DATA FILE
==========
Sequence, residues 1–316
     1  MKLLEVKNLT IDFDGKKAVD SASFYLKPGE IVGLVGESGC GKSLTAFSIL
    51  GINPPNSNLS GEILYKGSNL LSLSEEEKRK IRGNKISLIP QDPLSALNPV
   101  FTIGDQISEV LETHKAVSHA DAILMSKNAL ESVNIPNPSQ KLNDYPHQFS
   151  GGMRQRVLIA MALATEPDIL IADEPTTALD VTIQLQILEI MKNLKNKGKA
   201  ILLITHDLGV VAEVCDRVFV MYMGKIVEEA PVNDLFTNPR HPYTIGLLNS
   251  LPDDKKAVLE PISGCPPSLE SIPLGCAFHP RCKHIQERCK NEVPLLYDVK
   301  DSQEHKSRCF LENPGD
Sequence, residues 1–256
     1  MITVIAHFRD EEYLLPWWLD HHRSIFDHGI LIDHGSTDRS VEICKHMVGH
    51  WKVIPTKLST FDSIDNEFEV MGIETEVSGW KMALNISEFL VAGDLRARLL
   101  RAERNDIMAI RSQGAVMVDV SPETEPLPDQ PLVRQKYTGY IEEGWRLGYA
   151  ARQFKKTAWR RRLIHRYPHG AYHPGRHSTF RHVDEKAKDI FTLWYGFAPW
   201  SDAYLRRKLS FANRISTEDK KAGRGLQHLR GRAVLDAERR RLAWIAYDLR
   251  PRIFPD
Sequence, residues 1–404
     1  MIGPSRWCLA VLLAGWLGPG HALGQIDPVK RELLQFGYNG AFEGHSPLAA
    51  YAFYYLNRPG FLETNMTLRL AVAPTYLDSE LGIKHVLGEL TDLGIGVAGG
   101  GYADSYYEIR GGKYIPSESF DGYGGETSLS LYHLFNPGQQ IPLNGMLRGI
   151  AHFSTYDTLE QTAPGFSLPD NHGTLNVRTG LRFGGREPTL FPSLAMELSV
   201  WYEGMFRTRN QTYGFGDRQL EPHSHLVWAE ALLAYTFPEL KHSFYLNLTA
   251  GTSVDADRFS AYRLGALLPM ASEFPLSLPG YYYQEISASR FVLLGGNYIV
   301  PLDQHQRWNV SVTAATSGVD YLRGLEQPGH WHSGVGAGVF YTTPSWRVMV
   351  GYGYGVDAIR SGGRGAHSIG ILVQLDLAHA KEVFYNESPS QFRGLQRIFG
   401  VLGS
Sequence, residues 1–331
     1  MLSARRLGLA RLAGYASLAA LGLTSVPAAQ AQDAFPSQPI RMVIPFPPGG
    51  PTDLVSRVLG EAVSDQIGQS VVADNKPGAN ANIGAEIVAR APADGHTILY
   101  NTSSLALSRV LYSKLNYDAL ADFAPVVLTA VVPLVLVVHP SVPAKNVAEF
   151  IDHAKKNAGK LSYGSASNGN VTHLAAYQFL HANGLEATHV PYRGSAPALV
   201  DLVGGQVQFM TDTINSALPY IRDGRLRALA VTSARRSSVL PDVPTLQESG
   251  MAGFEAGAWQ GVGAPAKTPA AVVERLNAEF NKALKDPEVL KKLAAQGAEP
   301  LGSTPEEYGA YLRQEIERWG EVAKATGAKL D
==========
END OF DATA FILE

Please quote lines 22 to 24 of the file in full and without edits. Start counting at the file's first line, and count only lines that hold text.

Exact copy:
   251  GTSVDADRFS AYRLGALLPM ASEFPLSLPG YYYQEISASR FVLLGGNYIV
   301  PLDQHQRWNV SVTAATSGVD YLRGLEQPGH WHSGVGAGVF YTTPSWRVMV
   351  GYGYGVDAIR SGGRGAHSIG ILVQLDLAHA KEVFYNESPS QFRGLQRIFG